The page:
Software engineers need to do code reviews in order to improve overall product quality and learn from each other. The code review process has a set of best practices like any other complex processes. Check best practices below. Do you follow them on your current project?
Each change in the source code is reviewed by at least one team member
Even changing a single line of code a software engineer can accidentally break the whole application. Configure your CI environment so that it’s not possible to push changes to the main (master, development) branch bypassing code review flow and approvals from the team members.
Code review process is automated, not manual
Software engineers need to use code review tools like pull requests in GitHub, Crucible, Review Board, Collaborator etc. Some of you may be wondering what manual code review means.
“Manual” means that software engineer pushes changes to the main branch and then request a code review by writing a text message in Skype or Slack… The example may seem far-fetched, but unfortunately it happens.
No more than 400 lines of code are sent for code review
Reviewers cannot effectively review large pull requests. That’s why large functionality needs to be split into several smaller tasks during sprint planning so software engineers can send fewer lines of code for code review.
If it’s not doable, ask the team members to create draft pull requests and regularly commit changes. It helps to review changes regularly during the few days of feature development.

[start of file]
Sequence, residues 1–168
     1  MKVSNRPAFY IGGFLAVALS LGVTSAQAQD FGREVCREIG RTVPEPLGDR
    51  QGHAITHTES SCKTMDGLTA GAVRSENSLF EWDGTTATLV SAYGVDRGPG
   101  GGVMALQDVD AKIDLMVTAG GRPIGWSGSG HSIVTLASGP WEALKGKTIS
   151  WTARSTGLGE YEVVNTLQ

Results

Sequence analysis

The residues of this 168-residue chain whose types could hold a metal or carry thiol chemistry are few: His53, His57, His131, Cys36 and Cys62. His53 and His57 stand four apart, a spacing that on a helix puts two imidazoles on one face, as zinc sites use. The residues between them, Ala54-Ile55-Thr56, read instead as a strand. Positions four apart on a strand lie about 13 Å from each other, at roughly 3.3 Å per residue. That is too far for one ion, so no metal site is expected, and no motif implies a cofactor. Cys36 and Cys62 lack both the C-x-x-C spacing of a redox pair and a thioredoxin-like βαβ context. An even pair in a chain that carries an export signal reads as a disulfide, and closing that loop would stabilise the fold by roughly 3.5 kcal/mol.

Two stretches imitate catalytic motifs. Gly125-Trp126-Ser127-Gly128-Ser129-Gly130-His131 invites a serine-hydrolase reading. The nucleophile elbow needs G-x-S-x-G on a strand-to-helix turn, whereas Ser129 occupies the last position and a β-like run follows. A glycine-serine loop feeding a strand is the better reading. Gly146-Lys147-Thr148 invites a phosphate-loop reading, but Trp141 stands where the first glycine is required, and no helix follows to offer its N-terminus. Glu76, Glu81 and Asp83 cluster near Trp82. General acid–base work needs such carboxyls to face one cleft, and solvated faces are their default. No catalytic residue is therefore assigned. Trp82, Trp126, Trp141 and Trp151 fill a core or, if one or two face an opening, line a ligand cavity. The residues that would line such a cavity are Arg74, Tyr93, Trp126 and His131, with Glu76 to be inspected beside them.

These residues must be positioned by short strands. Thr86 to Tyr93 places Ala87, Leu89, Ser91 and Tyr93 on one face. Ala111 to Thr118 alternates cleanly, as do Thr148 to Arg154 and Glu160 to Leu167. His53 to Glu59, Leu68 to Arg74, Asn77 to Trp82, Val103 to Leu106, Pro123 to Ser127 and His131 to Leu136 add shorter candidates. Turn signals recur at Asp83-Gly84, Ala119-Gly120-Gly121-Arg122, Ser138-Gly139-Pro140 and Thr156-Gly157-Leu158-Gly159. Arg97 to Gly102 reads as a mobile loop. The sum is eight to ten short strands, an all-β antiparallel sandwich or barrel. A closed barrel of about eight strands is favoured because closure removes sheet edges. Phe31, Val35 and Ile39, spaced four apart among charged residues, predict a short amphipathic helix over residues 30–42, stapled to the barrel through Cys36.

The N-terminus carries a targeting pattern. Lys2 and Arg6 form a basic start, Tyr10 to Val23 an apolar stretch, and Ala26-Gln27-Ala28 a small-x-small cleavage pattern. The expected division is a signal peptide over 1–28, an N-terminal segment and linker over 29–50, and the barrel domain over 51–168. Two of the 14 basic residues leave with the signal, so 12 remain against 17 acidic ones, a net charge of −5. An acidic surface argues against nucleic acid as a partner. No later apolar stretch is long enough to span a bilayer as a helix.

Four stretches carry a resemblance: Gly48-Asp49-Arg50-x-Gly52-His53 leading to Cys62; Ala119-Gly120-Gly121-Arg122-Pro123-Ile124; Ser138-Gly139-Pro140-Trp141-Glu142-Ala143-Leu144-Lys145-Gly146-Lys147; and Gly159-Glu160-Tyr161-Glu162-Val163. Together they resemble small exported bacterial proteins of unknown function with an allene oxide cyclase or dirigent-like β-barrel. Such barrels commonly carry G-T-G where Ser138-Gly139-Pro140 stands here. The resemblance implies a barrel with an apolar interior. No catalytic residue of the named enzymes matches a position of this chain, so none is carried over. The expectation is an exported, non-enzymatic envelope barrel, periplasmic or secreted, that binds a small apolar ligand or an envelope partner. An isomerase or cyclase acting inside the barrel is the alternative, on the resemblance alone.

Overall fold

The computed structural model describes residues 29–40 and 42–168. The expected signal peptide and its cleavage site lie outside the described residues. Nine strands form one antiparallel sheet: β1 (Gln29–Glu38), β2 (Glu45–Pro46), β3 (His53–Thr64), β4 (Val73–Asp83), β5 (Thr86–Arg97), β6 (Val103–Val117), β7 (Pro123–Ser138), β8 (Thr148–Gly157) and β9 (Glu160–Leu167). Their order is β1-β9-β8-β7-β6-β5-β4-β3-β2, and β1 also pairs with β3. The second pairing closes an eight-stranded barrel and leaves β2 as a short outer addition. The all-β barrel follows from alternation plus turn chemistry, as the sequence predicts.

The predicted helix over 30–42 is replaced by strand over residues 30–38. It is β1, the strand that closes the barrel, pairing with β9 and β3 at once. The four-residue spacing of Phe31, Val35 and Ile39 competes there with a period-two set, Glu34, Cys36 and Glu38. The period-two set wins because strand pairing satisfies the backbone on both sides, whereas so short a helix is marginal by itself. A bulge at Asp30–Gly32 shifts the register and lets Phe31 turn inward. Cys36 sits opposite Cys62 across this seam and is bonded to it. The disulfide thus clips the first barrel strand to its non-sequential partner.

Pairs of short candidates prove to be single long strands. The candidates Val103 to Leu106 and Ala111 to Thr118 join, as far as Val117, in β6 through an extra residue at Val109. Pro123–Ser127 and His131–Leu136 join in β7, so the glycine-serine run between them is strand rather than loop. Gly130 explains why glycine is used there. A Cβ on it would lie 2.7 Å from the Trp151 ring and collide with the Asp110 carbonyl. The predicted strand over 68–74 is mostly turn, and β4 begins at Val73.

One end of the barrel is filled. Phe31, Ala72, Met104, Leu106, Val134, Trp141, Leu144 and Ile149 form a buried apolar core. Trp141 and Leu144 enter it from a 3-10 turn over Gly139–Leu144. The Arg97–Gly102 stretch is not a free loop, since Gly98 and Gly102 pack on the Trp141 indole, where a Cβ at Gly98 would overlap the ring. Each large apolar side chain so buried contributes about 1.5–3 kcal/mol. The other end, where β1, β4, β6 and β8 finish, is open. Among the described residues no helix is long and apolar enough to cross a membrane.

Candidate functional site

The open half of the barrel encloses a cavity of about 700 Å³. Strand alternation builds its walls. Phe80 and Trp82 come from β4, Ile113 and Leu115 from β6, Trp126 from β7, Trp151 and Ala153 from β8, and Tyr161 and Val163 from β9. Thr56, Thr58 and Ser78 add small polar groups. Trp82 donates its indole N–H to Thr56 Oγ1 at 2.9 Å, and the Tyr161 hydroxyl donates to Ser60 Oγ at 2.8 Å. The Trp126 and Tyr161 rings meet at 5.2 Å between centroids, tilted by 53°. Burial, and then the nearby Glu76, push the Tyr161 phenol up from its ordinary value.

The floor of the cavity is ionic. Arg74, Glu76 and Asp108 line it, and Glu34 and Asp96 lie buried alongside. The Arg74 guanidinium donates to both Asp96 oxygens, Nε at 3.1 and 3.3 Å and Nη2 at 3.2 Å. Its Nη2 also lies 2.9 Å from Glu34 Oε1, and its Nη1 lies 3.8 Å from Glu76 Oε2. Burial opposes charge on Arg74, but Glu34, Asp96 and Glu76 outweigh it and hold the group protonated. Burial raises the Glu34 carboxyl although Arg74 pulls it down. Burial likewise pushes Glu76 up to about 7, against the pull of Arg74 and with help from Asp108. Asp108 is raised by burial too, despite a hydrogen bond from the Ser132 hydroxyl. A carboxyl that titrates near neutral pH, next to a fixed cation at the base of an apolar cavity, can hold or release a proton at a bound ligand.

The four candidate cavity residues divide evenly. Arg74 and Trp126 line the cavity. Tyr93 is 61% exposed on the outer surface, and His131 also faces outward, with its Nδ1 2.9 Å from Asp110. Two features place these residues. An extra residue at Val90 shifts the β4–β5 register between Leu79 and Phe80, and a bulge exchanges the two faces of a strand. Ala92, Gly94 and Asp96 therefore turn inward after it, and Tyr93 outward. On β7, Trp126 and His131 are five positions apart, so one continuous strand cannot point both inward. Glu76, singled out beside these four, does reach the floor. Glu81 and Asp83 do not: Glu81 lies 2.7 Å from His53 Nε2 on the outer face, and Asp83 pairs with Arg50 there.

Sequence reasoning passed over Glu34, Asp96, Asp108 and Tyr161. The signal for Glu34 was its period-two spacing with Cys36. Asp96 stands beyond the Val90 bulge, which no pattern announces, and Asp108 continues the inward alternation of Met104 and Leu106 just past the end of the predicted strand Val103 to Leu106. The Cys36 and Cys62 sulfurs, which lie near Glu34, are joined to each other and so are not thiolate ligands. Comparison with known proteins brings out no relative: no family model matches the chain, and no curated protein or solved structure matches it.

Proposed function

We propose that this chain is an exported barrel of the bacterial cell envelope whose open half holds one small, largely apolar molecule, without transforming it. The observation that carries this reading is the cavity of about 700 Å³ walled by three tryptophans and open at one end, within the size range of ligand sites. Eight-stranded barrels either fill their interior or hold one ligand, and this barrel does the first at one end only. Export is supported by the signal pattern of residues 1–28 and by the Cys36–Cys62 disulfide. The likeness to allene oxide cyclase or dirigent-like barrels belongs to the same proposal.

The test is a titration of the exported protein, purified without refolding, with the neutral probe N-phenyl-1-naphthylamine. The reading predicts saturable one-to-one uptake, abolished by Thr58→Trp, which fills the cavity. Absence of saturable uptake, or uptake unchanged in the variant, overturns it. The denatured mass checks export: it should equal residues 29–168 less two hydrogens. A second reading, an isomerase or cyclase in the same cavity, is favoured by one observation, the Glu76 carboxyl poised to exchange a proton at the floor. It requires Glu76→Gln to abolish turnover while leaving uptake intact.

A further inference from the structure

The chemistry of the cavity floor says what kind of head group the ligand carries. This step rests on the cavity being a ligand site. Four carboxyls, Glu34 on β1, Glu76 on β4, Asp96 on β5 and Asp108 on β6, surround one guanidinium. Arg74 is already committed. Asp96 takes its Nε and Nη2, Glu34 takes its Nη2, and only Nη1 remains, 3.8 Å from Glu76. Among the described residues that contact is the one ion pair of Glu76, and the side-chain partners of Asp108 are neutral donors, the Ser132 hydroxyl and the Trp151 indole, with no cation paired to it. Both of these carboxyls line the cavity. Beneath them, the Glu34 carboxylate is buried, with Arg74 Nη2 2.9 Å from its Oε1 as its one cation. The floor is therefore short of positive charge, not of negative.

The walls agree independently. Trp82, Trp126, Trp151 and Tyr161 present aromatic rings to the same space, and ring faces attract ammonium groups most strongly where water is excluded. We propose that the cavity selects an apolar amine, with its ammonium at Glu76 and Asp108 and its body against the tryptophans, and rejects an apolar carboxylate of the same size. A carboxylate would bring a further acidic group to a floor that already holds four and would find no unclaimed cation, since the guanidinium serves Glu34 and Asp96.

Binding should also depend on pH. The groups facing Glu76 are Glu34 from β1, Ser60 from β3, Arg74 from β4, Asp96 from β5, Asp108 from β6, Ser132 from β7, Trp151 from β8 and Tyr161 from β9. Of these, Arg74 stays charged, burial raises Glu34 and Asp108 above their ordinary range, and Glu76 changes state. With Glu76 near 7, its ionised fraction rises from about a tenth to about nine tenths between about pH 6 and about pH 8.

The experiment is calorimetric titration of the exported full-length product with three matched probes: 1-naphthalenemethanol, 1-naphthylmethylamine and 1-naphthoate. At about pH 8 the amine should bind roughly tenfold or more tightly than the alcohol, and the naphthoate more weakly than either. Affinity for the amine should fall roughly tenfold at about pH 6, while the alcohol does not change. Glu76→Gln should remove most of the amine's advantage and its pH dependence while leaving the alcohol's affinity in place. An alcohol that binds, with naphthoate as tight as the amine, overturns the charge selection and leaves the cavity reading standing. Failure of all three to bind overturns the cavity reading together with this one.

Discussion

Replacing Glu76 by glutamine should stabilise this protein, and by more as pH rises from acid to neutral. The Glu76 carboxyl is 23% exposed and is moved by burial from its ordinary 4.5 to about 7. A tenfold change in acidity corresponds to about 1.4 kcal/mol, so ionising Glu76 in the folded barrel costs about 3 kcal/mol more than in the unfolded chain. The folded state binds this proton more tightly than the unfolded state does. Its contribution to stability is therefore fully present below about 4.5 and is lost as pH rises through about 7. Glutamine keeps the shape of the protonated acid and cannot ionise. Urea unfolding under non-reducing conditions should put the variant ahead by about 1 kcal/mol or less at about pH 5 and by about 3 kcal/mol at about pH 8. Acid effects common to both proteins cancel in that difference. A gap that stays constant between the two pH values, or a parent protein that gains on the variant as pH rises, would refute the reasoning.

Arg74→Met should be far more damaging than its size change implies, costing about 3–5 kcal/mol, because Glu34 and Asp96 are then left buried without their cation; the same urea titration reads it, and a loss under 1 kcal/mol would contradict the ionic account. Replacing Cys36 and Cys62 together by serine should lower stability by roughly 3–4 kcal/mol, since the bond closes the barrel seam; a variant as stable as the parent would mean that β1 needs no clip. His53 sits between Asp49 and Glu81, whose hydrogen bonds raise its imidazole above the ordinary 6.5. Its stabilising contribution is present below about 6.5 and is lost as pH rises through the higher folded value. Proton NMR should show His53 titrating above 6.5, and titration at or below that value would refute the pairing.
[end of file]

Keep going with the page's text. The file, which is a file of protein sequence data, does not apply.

Code review task has a higher priority than the development one
Pull requests should not be in Open status for a long time. The longer it’s open, the more chances it has to get merge conflicts. That’s why software engineers should put away their current task and do the code review when requested.
It is possible to identify who was the reviewer
The reviewer is also responsible for the code, not just the author. So the team or stakeholders should be able to quickly identify who was reviewing given task to ask questions if any. The name of reviewer can appear in a Jira ticket or can be included in the commit message.
Reviewer should be able to log the time spent on code review
Usually code review is not a 5-minutes process, so the reviewer should be able to log his or her time spent on code review. Ideally, there should be ability to log time in the same task that the author logged his development efforts (for example Jira allows configuring different Work types like Development, Code Review for the ticket when logging the time).
The reviewer clearly understands acceptance criteria of the functionality he or she is reviewing
One of the key goals of code review is to understand whether the code fulfills requirements. So ideally the first step of code review process is to open Jira ticket and get familiar with acceptance criteria.
Code review checklist is used by the reviewer
Code review checklist answers the question “What do I need to look at during a review?” The checklist can include some general considerations like “is the new code covered by unit tests?”, “are there any code duplicates?” and other project-specific questions, if needed.
The software engineer receives comprehensive feedback from the reviewer
You as a reviewer shouldn’t just say “Refactor it!” or “Split the logic into two methods”, but need to explain why you requested changes. You should teach your teammates, so they will do the same for you!
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